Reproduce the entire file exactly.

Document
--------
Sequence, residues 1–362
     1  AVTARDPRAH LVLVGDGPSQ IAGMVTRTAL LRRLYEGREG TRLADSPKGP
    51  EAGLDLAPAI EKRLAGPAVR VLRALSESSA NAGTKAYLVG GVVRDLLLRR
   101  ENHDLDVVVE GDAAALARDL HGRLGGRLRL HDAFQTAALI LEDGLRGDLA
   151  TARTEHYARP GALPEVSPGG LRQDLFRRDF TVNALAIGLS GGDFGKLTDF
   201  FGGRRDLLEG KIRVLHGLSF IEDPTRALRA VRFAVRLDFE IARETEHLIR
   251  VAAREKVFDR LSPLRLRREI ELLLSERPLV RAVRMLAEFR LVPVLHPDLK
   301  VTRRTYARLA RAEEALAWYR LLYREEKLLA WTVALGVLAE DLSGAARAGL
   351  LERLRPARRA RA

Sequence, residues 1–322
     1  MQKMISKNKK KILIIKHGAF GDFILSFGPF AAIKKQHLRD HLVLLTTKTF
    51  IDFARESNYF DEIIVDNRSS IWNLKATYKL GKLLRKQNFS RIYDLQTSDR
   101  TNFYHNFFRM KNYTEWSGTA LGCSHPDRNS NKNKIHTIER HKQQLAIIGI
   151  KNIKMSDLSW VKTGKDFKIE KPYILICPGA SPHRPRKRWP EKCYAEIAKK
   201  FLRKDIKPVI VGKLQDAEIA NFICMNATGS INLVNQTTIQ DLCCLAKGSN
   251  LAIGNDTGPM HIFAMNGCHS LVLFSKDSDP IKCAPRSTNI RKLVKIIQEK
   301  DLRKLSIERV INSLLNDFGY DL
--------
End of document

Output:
Sequence, residues 1–362
     1  AVTARDPRAH LVLVGDGPSQ IAGMVTRTAL LRRLYEGREG TRLADSPKGP
    51  EAGLDLAPAI EKRLAGPAVR VLRALSESSA NAGTKAYLVG GVVRDLLLRR
   101  ENHDLDVVVE GDAAALARDL HGRLGGRLRL HDAFQTAALI LEDGLRGDLA
   151  TARTEHYARP GALPEVSPGG LRQDLFRRDF TVNALAIGLS GGDFGKLTDF
   201  FGGRRDLLEG KIRVLHGLSF IEDPTRALRA VRFAVRLDFE IARETEHLIR
   251  VAAREKVFDR LSPLRLRREI ELLLSERPLV RAVRMLAEFR LVPVLHPDLK
   301  VTRRTYARLA RAEEALAWYR LLYREEKLLA WTVALGVLAE DLSGAARAGL
   351  LERLRPARRA RA

Sequence, residues 1–322
     1  MQKMISKNKK KILIIKHGAF GDFILSFGPF AAIKKQHLRD HLVLLTTKTF
    51  IDFARESNYF DEIIVDNRSS IWNLKATYKL GKLLRKQNFS RIYDLQTSDR
   101  TNFYHNFFRM KNYTEWSGTA LGCSHPDRNS NKNKIHTIER HKQQLAIIGI
   151  KNIKMSDLSW VKTGKDFKIE KPYILICPGA SPHRPRKRWP EKCYAEIAKK
   201  FLRKDIKPVI VGKLQDAEIA NFICMNATGS INLVNQTTIQ DLCCLAKGSN
   251  LAIGNDTGPM HIFAMNGCHS LVLFSKDSDP IKCAPRSTNI RKLVKIIQEK
   301  DLRKLSIERV INSLLNDFGY DL